Papillary microcarcinoma and adjacent Hashimoto thyroiditis

Symmetrical
enlargement with
lobular yellow
gray color (AFIP)

With large cell lymphoma

With large cell lymphoma

Thyroid gland
Thyroiditis
Hashimoto thyroiditis

Revised: 10 February 2017, last major update March 2009

Vesicular nuclei of thyroid follicles similar to PTC nuclei

Prominent
lymphoid follicles,
abundant colloid
in this section

Numerous large germinal centers

Hashimoto thyroiditis (or Hashimoto’s thyroiditis) is characterized by the destruction of thyroid cells by various cell- and antibody-mediated immune processes. It is the most common cause of hypothyroidism in the United States after age 6 years. Hashimoto thyroiditis is part of the spectrum of autoimmune thyroid diseases (AITDs). [24] (See Etiology, Presentation, and Workup.)

By strict criteria, Hashimoto thyroiditis is a histologic diagnosis first described by Hakaru Hashimoto, a Japanese surgeon working in Berlin, Germany. His report, published in 1912, was based on the examination of 4 postoperative cases. He is also credited with introducing the term struma lymphomatosa in reference to the syndrome.

Elevated blood pressure (typically diastolic hypertension)

Other antithyroid antibodies found in AITD (including Hashimoto thyroiditis) include thyroid-stimulating antibody and cytotoxic antibody.

See Autoimmune Disorders: Making Sense of Nonspecific Symptoms, a Critical Images slideshow, to help identify several diseases that can cause a variety of nonspecific symptoms.

Hashimoto thyroiditis is part of the spectrum of autoimmune thyroid diseases (AITDs) and is characterized by the destruction of thyroid cells by various cell- and antibody-mediated immune processes. This condition is the most common cause of hypothyroidism in the United States in individuals older than 6 years. [24]

Total and fractionated lipid profile: Possibly elevated total cholesterol, LDL, and triglyceride levels in hypothyroidism

Cosmetic reasons (eg, large, unsightly goiters)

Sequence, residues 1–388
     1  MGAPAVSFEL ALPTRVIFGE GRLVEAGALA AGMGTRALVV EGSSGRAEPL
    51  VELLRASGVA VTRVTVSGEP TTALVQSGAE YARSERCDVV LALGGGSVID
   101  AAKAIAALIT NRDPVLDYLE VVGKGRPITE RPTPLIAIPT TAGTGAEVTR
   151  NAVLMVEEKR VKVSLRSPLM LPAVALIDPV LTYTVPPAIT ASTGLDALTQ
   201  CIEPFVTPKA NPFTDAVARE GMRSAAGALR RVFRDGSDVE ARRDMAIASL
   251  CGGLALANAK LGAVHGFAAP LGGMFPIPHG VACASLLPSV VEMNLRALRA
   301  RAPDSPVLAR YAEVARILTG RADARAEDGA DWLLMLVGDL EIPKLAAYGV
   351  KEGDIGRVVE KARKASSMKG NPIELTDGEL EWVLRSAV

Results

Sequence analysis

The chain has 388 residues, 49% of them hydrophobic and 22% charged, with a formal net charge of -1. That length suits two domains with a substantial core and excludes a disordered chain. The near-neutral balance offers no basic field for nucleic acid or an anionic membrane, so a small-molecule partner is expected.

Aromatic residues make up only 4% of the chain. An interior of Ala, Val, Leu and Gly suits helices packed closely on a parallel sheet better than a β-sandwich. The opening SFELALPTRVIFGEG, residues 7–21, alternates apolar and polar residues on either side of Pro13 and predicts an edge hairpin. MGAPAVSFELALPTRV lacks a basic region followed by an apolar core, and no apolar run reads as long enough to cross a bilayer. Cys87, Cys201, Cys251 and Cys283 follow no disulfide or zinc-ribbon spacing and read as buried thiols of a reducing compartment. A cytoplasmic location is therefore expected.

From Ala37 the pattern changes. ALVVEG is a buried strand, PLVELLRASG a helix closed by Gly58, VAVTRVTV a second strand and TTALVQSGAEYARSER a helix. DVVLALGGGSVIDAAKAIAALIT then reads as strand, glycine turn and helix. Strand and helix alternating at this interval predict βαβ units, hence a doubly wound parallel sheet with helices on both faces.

Other variants of AITD include the following conditions:

  • diffusely enlarged thyroid gland with a heterogeneous echotexture is a common sonographic presentation 6
  • the presence of hypoechoic micronodules (1-6 mm) with surrounding echogenic septations is also considered to have a relatively high positive predictive value 3,4 . This appearance may be described as pseudonodular or a giraffe pattern
  • colour Doppler study usually shows normal or decreased flow, but occasionally there might be hypervascularity similar to a thyroid inferno
  • prominent reactive cervical nodes may be present, especially in level VI, but they have normal morphologic features
  • patients are at higher risk for papillary thyroid carcinoma, so a discrete nodule should be considered for biopsy

It is difficult to reliably sonographically differentiate Hashimoto thyroiditis from other thyroid pathology. Ultrasound features can be variable depending on the severity and phase of disease 1,5 :

5%) can present with hyperthyroidism (a.k.a. Hashithyrotoxicosis (Htx)). There is often a gradual painless enlargement of the thyroid gland during the initial phase with atrophy and fibrosis later on in the course.

In some situations, large nodules may be present, which may be referred to as nodular Hashimoto thyroiditis 10 .

Typically affects middle-aged females (30-50 year age group with an F:M ratio of 10-15:1).

Hashimoto thyroiditis (HT), also known as lymphocytic thyroiditis or chronic autoimmune thyroiditis, is a subtype of autoimmune thyroiditis. It is one of the most common thyroid disorders.

  • lymphocytic aggregates
  • transformed follicular cells (Askanazy/oxyphilic/Hurthle cells)

70% of cases 2

  • thyroid peroxidase antibodies (TPO): found in 90-95% of cases 2
  • Later stages show superadded fibrosis.